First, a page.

What happens when new technology can’t keep up? At MarkLogic’s World conference, CEO and President of the enterprise NoSQL big data platform provider, Gary Bloom, spoke about how IT can occasionally become a hindrance rather than a solution and it is important to understand that all businesses want a 360 view of their data, in whatever capacity it may exist.
A major challenge that companies are facing is extracting the data that is stuck in isolated systems, or silos, because the technology has fallen behind. Bloom explored how a few years ago, 80% of data is unstructured, but businesses are still struggling with both unstructured and structured data because of the silo problem.
Bloom stated that “every industry has a different reason for a different problem that relates back to the database.” A solution to this problem has to be found in an operation where there is a unified, actionable and 360 view of data and in the eradication of data that is spread across disconnected databases.
“We’re solving some of the most complex data challenges today,” Bloom said as we are working in an industry where new data is continuously emerging. In order to extract, transform and load (ETL) data on relational databases, businesses need a lot of time and a lot of money, which are luxuries, especially when you are a bank with an impending fine.
Prior to the financial crisis of 2007, banking departments were told by regulators to operate as separate entities, but when the crunch hit, the same regulators asked for all data to be aggregated. This was of course, difficult, Bloom explained, as the data was stored in isolated systems “that were not designed to talk to each other.”
Another technology challenge exists in how the human IT department needs to work quicker to ensure that tasks are completed on time, but it can take a few years to aggregate data and this is why an ETL system does not work. The alternative that Bloom offers is the NoSQL platform that is “an operational and transactional database that integrates data better, faster, with less cost.”
80% of time is wasted by data scientists just wrangling data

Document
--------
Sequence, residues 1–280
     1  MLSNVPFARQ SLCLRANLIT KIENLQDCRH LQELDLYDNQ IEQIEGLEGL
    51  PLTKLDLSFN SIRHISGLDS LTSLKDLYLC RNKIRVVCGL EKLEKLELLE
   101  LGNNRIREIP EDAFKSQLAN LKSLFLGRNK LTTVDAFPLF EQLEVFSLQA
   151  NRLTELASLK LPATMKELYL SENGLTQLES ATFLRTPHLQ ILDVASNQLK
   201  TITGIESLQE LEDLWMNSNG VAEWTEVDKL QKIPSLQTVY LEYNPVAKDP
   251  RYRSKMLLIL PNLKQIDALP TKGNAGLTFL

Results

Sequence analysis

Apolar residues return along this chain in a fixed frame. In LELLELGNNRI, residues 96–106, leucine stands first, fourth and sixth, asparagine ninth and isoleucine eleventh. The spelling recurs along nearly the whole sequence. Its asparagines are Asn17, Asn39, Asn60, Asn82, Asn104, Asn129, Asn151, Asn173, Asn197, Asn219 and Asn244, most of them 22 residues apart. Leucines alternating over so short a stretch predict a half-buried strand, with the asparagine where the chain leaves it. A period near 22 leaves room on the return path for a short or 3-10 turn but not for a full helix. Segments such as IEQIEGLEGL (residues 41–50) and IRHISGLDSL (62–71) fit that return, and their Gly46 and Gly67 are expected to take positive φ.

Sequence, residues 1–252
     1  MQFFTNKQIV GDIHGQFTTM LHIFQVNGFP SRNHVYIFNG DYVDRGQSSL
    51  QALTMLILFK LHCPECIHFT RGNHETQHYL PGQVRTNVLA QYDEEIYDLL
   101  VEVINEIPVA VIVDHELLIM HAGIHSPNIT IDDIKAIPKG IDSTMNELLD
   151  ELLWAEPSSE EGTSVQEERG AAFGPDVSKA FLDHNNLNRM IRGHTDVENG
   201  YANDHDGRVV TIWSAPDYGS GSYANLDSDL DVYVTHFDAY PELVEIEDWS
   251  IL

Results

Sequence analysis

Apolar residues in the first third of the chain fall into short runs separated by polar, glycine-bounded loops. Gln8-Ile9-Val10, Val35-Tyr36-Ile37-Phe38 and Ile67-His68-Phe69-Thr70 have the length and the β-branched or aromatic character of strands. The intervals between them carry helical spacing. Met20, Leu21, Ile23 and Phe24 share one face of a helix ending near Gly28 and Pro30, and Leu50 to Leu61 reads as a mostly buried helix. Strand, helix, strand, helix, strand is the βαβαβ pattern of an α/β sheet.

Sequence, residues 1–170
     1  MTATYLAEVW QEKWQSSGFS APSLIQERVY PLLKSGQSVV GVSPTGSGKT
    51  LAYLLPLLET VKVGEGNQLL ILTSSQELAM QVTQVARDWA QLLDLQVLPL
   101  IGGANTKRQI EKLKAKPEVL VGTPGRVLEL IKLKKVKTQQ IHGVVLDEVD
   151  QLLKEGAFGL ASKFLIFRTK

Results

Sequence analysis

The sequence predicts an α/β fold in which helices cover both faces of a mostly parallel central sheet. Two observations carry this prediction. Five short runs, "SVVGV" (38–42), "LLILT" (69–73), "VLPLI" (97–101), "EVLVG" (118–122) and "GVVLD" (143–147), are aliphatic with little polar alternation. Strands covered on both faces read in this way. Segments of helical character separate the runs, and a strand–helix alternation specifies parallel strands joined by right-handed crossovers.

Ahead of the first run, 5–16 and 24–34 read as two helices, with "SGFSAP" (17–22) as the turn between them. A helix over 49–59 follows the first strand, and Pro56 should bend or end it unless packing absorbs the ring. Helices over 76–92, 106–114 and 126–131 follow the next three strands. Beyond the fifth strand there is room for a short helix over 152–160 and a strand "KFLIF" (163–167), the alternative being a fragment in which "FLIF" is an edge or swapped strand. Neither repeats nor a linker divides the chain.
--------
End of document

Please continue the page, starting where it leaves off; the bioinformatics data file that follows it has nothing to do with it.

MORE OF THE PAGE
60% of the cost of data warehouse projects is on ETL
$36 billion was spent on creating data silos with legacy technology in 2015
The reality is that businesses cannot lose any data, but it is also a fact that it is difficult to piece together all your data to get a full view of the customer, as David Gorbet, senior vice president, engineering, at MarkLogic said. Gorbet used the analogy of Morpheus offering Neo the red pill in The Matrix to highlight how companies have the opportunity to embrace data integration in an innovative way.
Gorbet also encouraged the audience to step away from ETL and only harmonise when necessary so that source content can be preserved and queried. “It’s only when you bring these things together with the meaning intact that the magic happens,” Gorbet said. However, alongside this, as always, compliance with regulation is a process that is mandatory for companies.
With the multitude of requirements that need to be completed due to increased regulatory reporting, risk management and investor transparency obligations, it is of paramount importance that capable humans and systems are put in place. Michael Henry, Principal, Advisory, KPMG LLP New York, explored how this is untenable and with the number of solutions that are available, “it would be foolish to continue to attack this problem with humans as the digital labourer is far more capable.”
Coming soon to bobsguide: An interview with Michael Henry, KPMG LLP on the digital labourer and the future of data.